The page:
A burst of gravitational waves hit Earth, but where did they come from?

According to astronomers, a burst of gravitational waves hit our planet and we still do not know where they came from or why.

A mysterious cosmic event occurred on January 14, according to scientists this event may have slightly stretched and squeezed the Earth. The origin of this burst of gravitational waves is still unknown.

The Laser Interferometer Gravitational-Wave Observatory (LIGO) and the Virgo interferometer picked up the signal of the gravitation wave which lasted around 14 milliseconds.

Gravitational waves can be caused by the collision of massive objects, such as two black holes or neutron stars. Previously, neutron star collisions have caused gravitational waves in 2017 and 2019.

Gravitational waves from collisions of such massive object last longer and manifest in the data as a series of waves. These waves change in frequency over time as the two orbiting objects move closer to each other according to Andy Howell, a scientist at Los Cumbres Observatory Global Telescope Network and an adjunct faculty member in physics at the University of California, Santa Barbara, USA.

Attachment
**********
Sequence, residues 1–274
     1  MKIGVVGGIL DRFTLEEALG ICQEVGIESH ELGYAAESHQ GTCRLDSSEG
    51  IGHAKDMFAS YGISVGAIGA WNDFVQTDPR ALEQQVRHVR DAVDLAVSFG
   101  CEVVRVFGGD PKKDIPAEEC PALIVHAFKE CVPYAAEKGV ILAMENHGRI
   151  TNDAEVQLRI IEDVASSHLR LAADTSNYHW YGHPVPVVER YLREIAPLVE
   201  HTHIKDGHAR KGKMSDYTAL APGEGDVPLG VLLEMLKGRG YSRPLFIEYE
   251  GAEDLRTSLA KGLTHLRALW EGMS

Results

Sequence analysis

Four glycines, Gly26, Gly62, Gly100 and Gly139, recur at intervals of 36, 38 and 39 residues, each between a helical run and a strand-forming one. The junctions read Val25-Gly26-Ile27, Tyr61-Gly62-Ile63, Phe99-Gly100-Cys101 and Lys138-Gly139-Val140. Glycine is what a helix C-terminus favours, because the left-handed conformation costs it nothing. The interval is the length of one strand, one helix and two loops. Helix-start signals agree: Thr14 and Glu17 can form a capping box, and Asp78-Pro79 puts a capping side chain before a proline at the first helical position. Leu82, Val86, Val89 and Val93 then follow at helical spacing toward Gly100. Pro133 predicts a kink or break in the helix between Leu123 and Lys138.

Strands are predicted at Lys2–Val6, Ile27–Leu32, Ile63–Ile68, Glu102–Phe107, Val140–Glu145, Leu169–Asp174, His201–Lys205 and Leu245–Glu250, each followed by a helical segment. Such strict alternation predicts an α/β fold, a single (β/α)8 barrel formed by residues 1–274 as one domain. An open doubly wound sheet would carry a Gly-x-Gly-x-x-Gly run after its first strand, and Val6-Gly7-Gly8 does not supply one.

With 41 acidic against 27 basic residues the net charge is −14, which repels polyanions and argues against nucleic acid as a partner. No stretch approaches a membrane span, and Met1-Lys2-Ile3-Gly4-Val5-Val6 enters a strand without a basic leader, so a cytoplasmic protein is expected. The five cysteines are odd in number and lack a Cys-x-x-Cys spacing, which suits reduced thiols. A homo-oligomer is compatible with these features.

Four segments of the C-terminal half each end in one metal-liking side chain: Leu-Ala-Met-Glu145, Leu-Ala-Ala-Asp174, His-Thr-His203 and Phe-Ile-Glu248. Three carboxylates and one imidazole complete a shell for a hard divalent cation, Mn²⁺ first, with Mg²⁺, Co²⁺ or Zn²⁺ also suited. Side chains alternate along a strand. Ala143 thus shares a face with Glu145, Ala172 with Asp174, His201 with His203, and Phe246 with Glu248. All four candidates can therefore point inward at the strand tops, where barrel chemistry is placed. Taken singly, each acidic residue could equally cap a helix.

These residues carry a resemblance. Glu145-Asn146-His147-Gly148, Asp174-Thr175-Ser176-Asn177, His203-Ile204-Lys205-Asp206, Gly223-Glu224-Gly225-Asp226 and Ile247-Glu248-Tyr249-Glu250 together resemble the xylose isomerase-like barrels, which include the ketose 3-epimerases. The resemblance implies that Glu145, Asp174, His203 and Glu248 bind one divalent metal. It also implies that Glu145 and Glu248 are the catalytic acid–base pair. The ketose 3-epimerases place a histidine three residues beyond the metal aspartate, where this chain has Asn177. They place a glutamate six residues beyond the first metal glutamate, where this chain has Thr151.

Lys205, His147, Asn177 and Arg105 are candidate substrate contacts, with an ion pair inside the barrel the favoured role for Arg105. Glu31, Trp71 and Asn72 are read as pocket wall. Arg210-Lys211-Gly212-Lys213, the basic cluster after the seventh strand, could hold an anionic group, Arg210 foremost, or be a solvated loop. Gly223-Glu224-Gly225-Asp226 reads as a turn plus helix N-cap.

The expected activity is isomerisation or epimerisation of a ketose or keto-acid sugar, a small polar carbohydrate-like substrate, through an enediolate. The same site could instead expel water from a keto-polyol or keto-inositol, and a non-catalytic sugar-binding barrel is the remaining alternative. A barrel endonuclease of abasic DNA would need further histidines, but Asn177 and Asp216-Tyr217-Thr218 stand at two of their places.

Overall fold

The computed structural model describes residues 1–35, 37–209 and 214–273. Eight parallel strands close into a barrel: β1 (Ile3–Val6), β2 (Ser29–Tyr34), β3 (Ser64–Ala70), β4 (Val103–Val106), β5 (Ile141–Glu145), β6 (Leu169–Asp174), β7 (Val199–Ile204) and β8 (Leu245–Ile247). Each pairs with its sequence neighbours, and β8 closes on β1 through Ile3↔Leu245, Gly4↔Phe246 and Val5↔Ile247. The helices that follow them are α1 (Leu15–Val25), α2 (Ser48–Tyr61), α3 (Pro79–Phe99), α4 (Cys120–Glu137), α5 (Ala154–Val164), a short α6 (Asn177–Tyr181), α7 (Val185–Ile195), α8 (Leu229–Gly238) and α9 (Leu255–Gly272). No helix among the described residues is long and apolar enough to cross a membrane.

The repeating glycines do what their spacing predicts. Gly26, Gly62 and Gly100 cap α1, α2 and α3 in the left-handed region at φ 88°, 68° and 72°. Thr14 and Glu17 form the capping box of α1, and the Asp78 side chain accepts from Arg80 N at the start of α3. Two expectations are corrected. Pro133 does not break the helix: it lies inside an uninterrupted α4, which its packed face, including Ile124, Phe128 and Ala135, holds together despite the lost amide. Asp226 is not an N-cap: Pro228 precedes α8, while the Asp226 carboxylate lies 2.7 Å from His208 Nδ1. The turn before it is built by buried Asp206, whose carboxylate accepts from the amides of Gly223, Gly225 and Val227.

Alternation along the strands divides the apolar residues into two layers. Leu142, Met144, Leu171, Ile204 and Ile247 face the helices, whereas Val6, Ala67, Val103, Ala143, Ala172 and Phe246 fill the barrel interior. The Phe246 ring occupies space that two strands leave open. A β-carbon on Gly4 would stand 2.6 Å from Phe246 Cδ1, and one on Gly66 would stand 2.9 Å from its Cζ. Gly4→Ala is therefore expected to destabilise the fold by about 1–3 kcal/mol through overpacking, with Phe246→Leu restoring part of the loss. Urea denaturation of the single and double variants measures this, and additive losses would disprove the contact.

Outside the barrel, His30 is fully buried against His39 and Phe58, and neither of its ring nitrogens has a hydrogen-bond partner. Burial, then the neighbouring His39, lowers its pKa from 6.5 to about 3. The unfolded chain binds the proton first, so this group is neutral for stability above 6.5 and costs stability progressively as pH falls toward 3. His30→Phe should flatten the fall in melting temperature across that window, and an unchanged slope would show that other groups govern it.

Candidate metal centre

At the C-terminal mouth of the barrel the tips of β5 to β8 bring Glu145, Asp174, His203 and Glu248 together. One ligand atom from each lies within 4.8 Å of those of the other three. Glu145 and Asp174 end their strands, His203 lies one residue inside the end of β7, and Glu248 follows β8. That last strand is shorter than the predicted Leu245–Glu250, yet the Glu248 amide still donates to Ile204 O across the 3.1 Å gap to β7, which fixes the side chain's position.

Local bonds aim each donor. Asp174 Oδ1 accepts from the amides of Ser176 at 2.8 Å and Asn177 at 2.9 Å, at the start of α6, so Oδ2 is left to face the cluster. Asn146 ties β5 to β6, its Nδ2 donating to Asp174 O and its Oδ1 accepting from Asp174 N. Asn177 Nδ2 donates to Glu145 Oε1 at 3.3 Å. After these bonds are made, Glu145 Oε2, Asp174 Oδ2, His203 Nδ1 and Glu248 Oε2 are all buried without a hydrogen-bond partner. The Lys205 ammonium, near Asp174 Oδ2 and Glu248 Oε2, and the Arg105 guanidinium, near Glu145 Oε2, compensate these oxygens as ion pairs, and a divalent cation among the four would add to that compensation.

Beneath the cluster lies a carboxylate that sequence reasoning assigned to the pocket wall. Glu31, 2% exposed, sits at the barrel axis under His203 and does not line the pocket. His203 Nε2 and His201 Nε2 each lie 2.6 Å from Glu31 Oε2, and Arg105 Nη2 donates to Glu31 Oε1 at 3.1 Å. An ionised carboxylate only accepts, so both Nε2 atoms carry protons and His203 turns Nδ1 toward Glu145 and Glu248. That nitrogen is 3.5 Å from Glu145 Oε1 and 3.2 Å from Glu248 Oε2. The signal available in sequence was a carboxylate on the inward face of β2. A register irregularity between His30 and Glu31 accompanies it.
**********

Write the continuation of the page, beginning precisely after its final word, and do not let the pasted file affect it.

Analysing data without being part of the study, Howell said the new signal was not a series of waves but a burst. One likely possibility is that this short-lived burst of gravitational waves comes from a more transient event such as a supernova explosion, the catastrophic death of a star.

Astronomers have hypothesised that this could be a signal from the Betelgeuse star, which, according to scientists, mysteriously dimmed recently and is expected to undergo a supernova explosion. However, this scenario is unlikely because astronomers have reported that this star is still there.

According to Howell the burst “seems a little too short for what we expect from the collapse of a massive star…On the other hand, we’ve never seen a star blowing up in gravitational waves before, so we don’t really know what it would look like.” Additionally, the astronomers did not detect neutrinos, a tiny subatomic particle that carry no charge, which supernovas are known to release.

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